Drill preps emergency workers for hurricane evacuations - WMBFNews.com, Myrtle Beach/Florence SC, Weather

Drill preps emergency workers for hurricane evacuations

Conway, SC -

CONWAY, SC (WMBF) - Emergency workers from across the Palmetto State met in Conway on Thursday to make sure residents and tourists will be able to get away from the coast in the event of tropical weather.

The South Carolina Highway Patrol, Air National Guard, and officials with Horry County Emergency Management walked through procedures for hurricane evacuations and traffic patrols for the upcoming hurricane season.

Colonel Pete Brooks with the South Carolina National guard says it's imperative that these organizations coordinate their plans before disaster strikes.

"It's always better to get together before we need to, so we can find out who the players are, who has what available, and who's going to do what when we have an actual emergency," explained Brooks.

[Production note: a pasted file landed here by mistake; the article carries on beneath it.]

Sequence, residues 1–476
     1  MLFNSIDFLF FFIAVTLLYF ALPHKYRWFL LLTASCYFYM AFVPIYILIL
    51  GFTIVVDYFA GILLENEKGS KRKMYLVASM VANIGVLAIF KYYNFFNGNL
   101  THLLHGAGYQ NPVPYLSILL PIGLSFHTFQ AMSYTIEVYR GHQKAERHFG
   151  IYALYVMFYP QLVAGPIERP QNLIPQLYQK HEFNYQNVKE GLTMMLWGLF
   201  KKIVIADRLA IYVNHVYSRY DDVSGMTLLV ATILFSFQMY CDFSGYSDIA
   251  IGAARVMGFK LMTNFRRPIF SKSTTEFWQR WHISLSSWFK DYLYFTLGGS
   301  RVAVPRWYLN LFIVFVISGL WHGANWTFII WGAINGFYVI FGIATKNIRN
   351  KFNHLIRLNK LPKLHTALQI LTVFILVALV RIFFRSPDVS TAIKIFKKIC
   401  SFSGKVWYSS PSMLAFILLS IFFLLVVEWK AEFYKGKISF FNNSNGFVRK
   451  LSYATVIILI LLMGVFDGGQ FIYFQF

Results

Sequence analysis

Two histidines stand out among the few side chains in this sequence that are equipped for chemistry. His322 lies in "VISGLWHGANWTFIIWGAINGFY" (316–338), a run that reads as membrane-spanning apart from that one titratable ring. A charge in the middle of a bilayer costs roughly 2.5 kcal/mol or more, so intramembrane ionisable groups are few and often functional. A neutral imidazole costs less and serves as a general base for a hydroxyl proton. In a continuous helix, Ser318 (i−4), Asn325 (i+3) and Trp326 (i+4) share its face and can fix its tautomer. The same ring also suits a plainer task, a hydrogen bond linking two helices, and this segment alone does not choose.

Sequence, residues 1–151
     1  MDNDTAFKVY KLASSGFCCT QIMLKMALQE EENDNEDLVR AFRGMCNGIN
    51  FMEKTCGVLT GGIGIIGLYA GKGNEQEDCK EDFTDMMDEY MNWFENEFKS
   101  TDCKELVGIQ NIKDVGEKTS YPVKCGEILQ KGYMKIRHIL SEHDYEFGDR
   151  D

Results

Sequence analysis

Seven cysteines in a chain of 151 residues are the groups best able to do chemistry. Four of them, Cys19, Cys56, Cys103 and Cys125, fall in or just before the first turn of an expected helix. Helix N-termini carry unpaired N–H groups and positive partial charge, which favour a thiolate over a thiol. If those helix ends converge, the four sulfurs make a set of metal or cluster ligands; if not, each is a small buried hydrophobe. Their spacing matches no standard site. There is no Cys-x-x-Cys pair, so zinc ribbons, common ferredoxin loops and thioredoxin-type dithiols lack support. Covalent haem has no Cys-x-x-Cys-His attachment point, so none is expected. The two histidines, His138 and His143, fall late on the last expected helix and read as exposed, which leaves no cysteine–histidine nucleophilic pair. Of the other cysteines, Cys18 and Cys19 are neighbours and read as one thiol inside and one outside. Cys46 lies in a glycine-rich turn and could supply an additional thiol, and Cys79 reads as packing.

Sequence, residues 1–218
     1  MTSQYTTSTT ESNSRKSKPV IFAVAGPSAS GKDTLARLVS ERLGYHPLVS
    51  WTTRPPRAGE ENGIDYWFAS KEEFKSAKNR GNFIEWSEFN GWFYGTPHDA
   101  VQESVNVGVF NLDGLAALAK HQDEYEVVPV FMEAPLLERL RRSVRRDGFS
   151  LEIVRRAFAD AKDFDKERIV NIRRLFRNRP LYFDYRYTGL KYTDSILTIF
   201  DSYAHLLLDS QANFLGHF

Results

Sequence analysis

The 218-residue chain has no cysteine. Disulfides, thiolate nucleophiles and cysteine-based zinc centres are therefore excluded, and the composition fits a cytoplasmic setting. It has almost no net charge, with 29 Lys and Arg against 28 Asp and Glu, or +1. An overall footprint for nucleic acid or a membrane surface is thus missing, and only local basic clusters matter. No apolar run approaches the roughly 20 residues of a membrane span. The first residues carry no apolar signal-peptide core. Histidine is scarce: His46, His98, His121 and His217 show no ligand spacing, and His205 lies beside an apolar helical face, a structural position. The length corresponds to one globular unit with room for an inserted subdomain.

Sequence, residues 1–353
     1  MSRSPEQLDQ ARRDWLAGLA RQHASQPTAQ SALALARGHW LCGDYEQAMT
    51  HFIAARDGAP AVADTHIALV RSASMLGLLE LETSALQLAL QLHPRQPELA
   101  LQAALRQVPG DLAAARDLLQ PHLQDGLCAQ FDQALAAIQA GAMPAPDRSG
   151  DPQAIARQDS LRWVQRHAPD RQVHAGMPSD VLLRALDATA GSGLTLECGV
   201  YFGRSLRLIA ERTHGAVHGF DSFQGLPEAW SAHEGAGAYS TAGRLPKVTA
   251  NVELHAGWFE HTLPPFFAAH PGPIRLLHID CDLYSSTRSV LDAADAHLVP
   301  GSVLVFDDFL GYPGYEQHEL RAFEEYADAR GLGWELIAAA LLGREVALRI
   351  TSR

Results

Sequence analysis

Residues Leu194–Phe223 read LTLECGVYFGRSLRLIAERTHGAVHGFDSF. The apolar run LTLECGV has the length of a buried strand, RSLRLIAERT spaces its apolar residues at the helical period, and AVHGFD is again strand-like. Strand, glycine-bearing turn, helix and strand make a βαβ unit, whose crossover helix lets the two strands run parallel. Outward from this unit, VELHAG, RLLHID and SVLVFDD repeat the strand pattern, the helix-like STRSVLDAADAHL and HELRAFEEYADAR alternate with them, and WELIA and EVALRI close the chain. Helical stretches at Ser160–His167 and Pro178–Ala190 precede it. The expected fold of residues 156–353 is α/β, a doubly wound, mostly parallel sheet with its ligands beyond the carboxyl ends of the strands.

With hurricane season just two months away, Eric Stanton with the Horry County Emergency Management office says its important that several plans are devised for before, during, and after a storm.

"We have completely revamped our emergency operations plan," said Stanton.  "We basically bring those agencies in and now we're able to communicate well, we're able to operate with very little issues, and we're able to handle things in a timely manner."

The South Carolina National Guard also utilized a new piece of aircraft during Thursday's training session.  A new LUH-72 helicopter was used to take first responders up in the air to get a bird's eye view of evacuation routes in Horry County.

"The aircraft is a little bit lighter, quicker, faster, and it allows us to do better assessments from the air,"explained Brooks.

The helicopter is able to stay in the air for more than three hours and it can cover of 370 miles.

On the ground, the South Carolina Highway Patrol would oversee evacuation routes and traffic patterns during an emergency. 

Sgt. Don Causey says these types of training exercises help things run more smoothly when disaster strikes.

"The training is very important so that the various agencies can work together and learn from one another and put together a plan that's very effective," said Causey.

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